When the Pied Piper team takes the stage, Erlich, Dinesh and Gilfoyle realize that Richard’s deleted all of the company’s pre-existing coding. Erlich warns the others that this is the last ten minutes of Pied Piper’s existence.
But Richard has something else planned.
“Hooli did everything we were trying to do better — way better,” he says. “Nucleus is built on the same engine as ours — like exactly the same — and their Weissman score was 2.89, same as ours. But the thing is they built a ton of really great stuff up on top of that, and we can’t compete, so now we have to be something else.”
Standard coding styles either work top-down, bottom-up, or left-to-right, Richard explains. But he’s created a new style of coding, inspired by Pied Piper’s conversation about dicks.
“I was watching my friends have this argument about manipulating… data, and how many… datas could one guy manipulate at once, and I was thinking [of] something that I would call middle out, up and down, back and forth, all at once,” he says to the crowd.
Richard reveals that with his new programming style, Pied Piper’s Weissman score is 3.8 — even higher than Nucleus’s.
The judges are in disbelief of Richard’s claim, and ask him to demonstrate his product on an actual file. A judge hands him a 3D video file — something Pied Piper’s software has always failed to compress. Richard inputs the video file into Pied Piper, and the audience watches with bated breath as the software attempts to compress the file.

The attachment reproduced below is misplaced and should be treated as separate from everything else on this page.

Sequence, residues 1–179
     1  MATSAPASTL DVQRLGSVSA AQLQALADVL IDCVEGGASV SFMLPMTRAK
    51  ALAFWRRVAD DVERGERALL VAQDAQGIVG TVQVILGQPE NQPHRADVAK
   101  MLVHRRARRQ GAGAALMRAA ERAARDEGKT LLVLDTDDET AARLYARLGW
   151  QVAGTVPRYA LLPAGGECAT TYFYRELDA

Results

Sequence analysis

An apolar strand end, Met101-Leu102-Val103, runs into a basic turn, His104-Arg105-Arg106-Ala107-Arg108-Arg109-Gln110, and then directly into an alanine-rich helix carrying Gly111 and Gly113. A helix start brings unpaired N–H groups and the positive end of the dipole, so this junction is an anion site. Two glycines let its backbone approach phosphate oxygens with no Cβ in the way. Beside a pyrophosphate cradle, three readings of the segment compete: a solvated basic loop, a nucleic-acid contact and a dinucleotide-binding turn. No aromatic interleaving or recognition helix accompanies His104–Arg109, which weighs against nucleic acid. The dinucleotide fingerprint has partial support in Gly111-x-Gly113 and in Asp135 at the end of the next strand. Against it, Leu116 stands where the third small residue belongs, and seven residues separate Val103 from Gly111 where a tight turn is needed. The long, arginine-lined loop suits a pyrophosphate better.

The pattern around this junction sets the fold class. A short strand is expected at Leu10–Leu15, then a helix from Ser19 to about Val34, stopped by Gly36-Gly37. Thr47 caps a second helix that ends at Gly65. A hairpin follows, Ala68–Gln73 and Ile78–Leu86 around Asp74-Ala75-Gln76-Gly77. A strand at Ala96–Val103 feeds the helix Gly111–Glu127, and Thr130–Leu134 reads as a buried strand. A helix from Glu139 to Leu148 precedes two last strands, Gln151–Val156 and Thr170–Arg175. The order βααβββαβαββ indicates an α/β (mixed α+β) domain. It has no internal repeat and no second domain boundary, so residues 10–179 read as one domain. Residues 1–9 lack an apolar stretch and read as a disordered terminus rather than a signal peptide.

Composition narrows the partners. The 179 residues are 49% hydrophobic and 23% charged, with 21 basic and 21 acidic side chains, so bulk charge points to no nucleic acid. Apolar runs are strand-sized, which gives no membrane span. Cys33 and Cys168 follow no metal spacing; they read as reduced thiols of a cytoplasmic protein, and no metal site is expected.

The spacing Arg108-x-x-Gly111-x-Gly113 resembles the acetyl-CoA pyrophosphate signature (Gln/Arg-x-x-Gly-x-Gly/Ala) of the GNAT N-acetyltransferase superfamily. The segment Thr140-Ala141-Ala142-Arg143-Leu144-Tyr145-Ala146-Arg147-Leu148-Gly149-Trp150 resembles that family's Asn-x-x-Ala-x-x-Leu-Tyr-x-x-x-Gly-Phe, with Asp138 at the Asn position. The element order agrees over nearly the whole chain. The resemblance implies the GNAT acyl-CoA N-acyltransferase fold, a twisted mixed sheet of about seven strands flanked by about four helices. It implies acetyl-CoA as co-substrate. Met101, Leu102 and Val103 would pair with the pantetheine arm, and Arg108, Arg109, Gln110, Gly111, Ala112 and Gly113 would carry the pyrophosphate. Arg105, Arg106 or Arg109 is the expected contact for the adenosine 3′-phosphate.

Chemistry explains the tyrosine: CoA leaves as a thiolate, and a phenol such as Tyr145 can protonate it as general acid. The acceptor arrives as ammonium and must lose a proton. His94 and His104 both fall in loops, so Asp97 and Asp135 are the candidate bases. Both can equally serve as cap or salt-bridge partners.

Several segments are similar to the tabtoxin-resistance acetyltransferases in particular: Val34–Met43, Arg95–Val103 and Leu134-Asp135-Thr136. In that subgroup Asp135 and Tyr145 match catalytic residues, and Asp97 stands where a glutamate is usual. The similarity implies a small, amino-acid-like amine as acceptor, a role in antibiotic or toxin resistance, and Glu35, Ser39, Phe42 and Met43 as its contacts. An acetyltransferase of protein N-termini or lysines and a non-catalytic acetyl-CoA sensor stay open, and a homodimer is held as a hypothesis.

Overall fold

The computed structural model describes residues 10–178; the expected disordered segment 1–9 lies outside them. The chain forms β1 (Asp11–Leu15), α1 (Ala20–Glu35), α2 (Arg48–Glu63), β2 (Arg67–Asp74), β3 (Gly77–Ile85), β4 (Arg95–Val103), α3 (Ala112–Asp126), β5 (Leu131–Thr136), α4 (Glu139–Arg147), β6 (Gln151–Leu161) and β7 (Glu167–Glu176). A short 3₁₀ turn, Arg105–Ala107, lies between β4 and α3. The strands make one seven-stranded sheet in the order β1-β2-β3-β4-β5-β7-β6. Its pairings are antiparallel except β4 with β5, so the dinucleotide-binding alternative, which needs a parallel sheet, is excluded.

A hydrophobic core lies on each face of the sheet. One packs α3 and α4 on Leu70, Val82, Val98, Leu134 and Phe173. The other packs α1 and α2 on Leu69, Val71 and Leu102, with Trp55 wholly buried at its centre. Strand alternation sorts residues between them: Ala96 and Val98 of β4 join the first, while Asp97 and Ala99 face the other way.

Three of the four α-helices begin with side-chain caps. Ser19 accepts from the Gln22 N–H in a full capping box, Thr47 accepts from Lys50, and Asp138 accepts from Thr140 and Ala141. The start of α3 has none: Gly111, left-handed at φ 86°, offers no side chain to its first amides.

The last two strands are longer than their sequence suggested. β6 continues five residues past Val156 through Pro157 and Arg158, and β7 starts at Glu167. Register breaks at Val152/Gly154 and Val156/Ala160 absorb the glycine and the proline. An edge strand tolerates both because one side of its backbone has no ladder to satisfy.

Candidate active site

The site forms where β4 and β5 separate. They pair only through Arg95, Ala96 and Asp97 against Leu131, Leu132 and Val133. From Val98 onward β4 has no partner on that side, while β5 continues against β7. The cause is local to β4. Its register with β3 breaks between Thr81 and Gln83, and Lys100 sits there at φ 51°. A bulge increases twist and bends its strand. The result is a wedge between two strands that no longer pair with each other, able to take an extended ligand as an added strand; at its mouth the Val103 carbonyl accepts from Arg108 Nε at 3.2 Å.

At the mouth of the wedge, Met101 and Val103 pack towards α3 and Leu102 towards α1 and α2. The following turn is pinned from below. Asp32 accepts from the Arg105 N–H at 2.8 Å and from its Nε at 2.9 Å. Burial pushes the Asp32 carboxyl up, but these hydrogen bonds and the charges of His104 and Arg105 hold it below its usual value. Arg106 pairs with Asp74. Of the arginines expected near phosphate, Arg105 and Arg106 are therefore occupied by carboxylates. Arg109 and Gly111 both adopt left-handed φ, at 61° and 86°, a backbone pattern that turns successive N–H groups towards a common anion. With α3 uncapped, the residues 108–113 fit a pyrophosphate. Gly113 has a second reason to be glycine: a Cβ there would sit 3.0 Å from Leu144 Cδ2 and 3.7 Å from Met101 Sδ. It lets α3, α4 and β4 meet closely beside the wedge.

When the program’s done loading, Richard is dismayed to see that the compressed file its only 24 gigabytes, suggesting Pied Piper didn’t compress the entire file. Richard concedes that they’ve lost the competition. “At least it didn’t happen in a public and brutally embarrassing way,” Gilfoyle says.
But then Richard runs a Weissman test on the program, and scores a shockingly high 5.2. He realizes the video file was compressed in its entirety — it was just compressed to half the size they’d expected. “The climax of the whole series came to watching stuff load on a computer screen,” we wrote in our notes. “I don’t know what else we could have expected but meh.”
Anyway, Pied Piper wins the $50,000 first-place prize, and Richard is courted by flocks of investors backstage. He shares a ~tender moment~ with Monica, who congratulates him and says that Peter was “not un-pleased.” Then, she enthusiastically begins telling him about how much crazier his life is going to get. Richard looks like he’s going to be sick. Because this show seems disturbingly intent on making us all look at vomit, Richard runs outside and pukes into a dumpster. Nice.
Our greatest hope for Silicon Valley, Season Two is that Richard is able to steer Pied Piper toward success. And that he learns to control his digestion. Seriously.